(Apr. 23, 2012) The United Nations Office on Drugs and Crime (UNODC) signed a Memorandum of Understanding with the International Organization for Migration (IOM) on April 17, 2012, to work more closely together to combat crimes of human trafficking and smuggling of migrants. The two agencies agreed to enhance coordination, information exchange, and joint actions. They also pledged to improve border management. (UN and Global Migration Agency Agree to Step Up Efforts to Combat Human Trafficking, UN NEWS CENTRE (Apr. 17, 2012); UNODC and International Organization for Migration Sign Agreement for Closer Cooperation, UNODC website (Apr. 17, 2012).)
On the occasion of the signing of the MOU, the UNODC took note of the long-standing partnership between the IOM and the UNODC, “formalized in a 1996 United Nations cooperation framework, which has been reaffirmed by today's agreement, with more specific cooperation measures.” It further pointed out, “UNODC is already working closely with IOM in the area of trafficking in persons and smuggling of migrants in Southern Africa, West Africa, the Horn of Africa and Colombia.” (UNODC and International Organization for Migration Sign Agreement for Closer Cooperation, supra; Cooperation Agreement Between the United Nations and the International Organization for Migration (June 25, 1996).)
The new agreement also supplements joint cooperative activities with other international bodies, such as the Global Migration Group, the Inter-Agency Coordination Group Against Trafficking in Persons, and the U.N. Global Initiative to Fight Human Trafficking. (Id.; see also Wendy Zeldin, United Nations: Agreement to Combat Trafficking in Persons,GLOBAL LEGAL MONITOR (Dec. 6, 2011) [on a UNODC/UNHCR MOU].)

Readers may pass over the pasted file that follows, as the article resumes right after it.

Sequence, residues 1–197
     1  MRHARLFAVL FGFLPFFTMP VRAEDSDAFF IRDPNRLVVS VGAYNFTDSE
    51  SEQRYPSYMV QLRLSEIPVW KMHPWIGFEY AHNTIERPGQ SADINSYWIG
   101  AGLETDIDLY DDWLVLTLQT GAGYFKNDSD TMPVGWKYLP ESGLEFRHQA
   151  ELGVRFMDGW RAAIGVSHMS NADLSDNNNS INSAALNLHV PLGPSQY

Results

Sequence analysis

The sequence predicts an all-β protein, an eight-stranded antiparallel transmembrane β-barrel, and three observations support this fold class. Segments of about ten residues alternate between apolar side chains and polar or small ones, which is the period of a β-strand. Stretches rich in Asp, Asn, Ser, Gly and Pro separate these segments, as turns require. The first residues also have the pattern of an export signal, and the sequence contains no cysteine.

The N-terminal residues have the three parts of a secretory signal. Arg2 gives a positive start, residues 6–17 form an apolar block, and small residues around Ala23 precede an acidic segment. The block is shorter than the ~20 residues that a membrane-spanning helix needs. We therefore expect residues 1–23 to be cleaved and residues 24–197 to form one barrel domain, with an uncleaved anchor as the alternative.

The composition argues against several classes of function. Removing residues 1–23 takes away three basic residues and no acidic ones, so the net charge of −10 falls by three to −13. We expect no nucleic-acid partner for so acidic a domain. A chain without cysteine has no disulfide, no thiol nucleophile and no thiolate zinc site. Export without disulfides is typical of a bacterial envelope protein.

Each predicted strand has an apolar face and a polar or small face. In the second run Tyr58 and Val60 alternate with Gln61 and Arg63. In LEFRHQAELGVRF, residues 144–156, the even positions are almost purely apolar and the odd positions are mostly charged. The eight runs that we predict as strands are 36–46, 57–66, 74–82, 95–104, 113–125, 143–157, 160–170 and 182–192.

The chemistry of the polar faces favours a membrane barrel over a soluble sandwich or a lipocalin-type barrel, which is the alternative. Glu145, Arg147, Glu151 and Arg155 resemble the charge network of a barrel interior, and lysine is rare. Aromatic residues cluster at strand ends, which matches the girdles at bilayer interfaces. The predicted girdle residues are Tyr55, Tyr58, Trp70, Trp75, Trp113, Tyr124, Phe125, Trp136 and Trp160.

The UNODC is self-described as the only U.N. entity focused on the criminal justice element of the crimes of human trafficking and smuggling of migrants. The underpinnings of its work in this area are the U.N. Convention on Transnational Organized Crime and its protocols on trafficking in persons and migrant smuggling. (United Nations Convention Against Transnational Crime and the Protocols Thereto, UNODC website (last visited Apr. 19, 2012).) The UNODC has available on its website a Human Trafficking Case Law Database (UNODC website (last visited Apr. 19, 2012)).
The IOM, established in 1951, has 146 Member States and 13 observer states. According to its website, it “is the leading inter-governmental organization in the field of migration and works closely with governmental, intergovernmental and non-governmental partners, … dedicated to promoting humane and orderly migration for the benefit of all,” which it does “by providing services and advice to governments and migrants.” (About IOM, IOM website (last visited Apr. 19, 2012).) The IOM has compiled and made available on its website a database of international, regional, and national legal instruments on migration. (Migration Law Database, IOM website (last visited Apr. 19, 2012).)